Rescuers deal with heartbreaking work as they search for mudslide victims
Darrington Fire District 24 volunteer firefighters, Jeff McClelland, left, Jan McClelland, center, and Eric Finzimer embrace each other Wednesday, March 26, 2014, in Darrington, Wash., after saying a prayer for the victims and survivors of black converse the massive mudslide. They were among the first responders to the mudslide. (AP Photo/The Seattle Times, Marcus Yam) SEATTLE OUT; USA TODAY OUT; MAGS OUT; TELEVISION OUT; NO SALES; MANDATORY CREDIT TO BOTH THE SEATTLE TIMES AND MARCUS YAM
AP Photo/The Seattle Times, Marcus Yam SEATTLE OUT; USA TODAY OUT; MAGS OUT; TELEVISION OUT; NO SALES; MANDATORY CREDIT TO BOTH THE SEATTLE TIMES AND MARCUS YAM
DARRINGTON, Wash. As firefighter Jeff McClelland uncovered a body on the moon like surface that blankets what used to be the community of Oso, he soon realized that the search party had a close connection to the victim: The dead man son and brother were among the volunteers scouring the debris field.
The relatives sat beside the body as it was zipped into a bag. McClelland found himself overcome with tears.
The discovery served as a touching reminder of the deeply emotional work that is playing out in this tight knit town as rescuers like McClelland search for bodies in the muck and devastation, hoping to at least bring some closure to the relatives and friends of those who have not been found.
can go home and eat some food, hug my wife, come in and hug my friends the next morning and say, go again. We got something to do. We got a job to do, so let go do it, McClelland said, recalling his thoughts on Wednesday.
Scores of people once thought missing in the mudslide have turned up safe, but that provided little relief to rescuers like McClelland who are tasked with bringing closure to the relatives and friends of those who have not been found.
Hope of a miracle discovery of a survivor has faded as the search entered its sixth day Thursday, replaced by acknowledgement that some families may not be able to bury a body.
Becky Bach watches and waits, hoping that search crews find her brother, his wife, her 20 year old great niece and the young girl fiance.
I honestly don think they going to find them alive, Bach said, crying. as a family, we trying to figure out what to do if they find no bodies. Massingale waits too, for word about his 4 month old granddaughter. Searchers were able to identify carpet from the infant bedroom, but a log jam stood in the way of a more thorough effort to find little Sanoah Huestis, known as stressful to think about, he said. little baby that hasn gotten a start yet in life. It too much. found another body late Wednesday, said Brian McMahan, a landslide incident spokesman.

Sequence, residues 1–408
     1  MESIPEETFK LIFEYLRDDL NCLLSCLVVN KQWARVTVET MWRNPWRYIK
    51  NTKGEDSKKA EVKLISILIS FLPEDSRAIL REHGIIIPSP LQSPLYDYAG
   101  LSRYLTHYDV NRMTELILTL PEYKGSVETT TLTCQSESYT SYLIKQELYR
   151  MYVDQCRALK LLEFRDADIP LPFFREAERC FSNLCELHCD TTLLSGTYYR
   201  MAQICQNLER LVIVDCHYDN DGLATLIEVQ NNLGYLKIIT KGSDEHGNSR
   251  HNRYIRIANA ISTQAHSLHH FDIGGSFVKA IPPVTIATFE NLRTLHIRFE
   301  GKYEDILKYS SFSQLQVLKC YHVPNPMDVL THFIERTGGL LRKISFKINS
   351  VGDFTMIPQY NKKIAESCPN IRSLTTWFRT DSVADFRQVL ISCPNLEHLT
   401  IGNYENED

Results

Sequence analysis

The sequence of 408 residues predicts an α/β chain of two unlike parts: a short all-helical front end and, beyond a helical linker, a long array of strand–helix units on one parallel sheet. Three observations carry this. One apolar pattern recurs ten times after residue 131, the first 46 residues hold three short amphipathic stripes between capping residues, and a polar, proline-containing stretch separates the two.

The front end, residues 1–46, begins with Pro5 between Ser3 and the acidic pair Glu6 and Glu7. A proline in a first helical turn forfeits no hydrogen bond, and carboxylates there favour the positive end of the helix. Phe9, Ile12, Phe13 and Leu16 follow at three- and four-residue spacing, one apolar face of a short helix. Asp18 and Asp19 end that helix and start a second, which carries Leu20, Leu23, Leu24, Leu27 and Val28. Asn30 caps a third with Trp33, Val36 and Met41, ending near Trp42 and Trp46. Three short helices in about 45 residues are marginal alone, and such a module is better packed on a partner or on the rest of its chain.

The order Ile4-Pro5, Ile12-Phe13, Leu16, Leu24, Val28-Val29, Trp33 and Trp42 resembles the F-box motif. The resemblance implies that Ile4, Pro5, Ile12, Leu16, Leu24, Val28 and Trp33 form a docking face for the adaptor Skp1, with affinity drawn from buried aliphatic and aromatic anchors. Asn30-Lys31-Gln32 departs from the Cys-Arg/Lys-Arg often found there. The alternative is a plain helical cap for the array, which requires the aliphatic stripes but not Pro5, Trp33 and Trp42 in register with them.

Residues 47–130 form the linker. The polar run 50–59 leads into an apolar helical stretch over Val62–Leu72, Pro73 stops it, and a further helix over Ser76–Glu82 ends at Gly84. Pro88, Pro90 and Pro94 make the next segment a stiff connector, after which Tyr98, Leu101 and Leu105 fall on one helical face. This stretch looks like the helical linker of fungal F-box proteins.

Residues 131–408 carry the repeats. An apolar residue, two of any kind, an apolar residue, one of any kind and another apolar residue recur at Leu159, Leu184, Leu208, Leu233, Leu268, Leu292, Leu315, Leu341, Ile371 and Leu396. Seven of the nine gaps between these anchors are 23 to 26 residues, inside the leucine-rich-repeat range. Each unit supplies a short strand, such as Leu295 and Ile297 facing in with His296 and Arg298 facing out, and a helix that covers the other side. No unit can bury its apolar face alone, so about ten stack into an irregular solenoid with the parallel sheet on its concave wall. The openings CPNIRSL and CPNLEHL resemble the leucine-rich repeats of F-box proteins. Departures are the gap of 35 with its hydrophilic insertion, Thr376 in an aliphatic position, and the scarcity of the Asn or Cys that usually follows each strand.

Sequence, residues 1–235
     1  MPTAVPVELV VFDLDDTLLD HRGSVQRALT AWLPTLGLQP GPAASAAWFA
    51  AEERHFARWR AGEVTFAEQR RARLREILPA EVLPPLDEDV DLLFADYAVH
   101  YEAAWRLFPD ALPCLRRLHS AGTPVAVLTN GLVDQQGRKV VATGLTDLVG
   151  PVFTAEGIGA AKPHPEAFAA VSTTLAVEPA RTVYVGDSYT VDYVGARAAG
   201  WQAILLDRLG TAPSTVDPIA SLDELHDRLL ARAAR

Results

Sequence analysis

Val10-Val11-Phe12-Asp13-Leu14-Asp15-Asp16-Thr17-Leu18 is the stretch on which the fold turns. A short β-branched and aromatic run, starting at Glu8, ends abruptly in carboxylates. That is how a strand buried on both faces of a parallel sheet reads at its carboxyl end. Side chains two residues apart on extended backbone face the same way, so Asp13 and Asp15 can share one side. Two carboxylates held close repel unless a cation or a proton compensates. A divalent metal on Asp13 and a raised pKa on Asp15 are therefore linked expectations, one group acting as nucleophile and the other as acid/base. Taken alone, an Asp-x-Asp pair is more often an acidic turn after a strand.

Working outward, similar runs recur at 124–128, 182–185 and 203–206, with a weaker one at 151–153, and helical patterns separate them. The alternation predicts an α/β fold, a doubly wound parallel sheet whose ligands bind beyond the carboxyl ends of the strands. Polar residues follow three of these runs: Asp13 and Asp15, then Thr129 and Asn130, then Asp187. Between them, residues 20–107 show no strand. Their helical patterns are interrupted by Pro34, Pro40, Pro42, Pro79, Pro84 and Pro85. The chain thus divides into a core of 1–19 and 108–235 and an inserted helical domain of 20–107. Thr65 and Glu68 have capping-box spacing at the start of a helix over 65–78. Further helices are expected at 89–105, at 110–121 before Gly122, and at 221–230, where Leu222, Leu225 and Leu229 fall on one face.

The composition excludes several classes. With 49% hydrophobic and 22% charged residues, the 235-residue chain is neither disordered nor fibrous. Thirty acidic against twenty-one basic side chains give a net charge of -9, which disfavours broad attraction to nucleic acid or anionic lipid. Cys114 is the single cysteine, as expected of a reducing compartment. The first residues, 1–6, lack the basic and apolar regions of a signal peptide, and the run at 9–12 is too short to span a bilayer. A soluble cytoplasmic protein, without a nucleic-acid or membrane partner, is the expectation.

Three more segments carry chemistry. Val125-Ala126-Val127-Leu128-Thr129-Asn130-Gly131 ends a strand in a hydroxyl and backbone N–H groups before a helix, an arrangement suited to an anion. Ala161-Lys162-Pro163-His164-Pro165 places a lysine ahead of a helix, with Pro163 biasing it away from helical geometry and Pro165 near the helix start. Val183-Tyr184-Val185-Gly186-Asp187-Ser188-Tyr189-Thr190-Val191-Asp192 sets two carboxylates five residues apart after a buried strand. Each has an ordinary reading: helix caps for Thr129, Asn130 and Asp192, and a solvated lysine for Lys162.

Trying to recover every corpse would be impractical and dangerous.
The debris field is about a square mile and 30 to 40 feet deep in places, with a surface that includes quicksand like muck, rain slickened mud and ice. The terrain is difficult to navigate on foot and makes it treacherous or impossible to bring in heavy equipment. black converse
To make matters worse, the pile is laced with other hazards that include fallen trees, propane and septic tanks, twisted vehicles and countless shards of shattered homes.
The knowledge that some victims could be abandoned to the earth is difficult to a black converse ccept.
have to get on with our lives at some point, Bach said.
Bach spoke via phone about a wedding the family had planned for summer at the rural home that was destroyed. And how, she wondered, do you plan a funeral without a body? probably just have a memorial, and if they find the bodies eventually, then we deal with that then. death certificate, issued by the state, is legal proof that someone has died. Families often need them to settle their affairs black converse . If and when it appears there is no chance of finding someone, people can ask the county to start that process.
Two Washington National Guard Blackhawk helicopters arrived at the site Wednesday to relieve sheriff helicopter crews that had been working since Saturday.
The Blackhawks sole mission is body removal, said Bill Quistorf, chief pilot for the Snohomish County Sheriff Office.
Other survivors began to grow impatient Wednesday that they weren allowed to return to the sites of their homes to search for their valuables and keepsakes.
isn right. All of us who are still alive need to have access and find what we can of our lives, said Robin Youngblood, who said her son in law was turned away from the slide site.
Baumann reported from Seattle. Solomon Banda in Darrington, Wash.; and photographer Elaine Thompson in Oso, Wash.; and researcher Rhonda Shafner contributed to this report.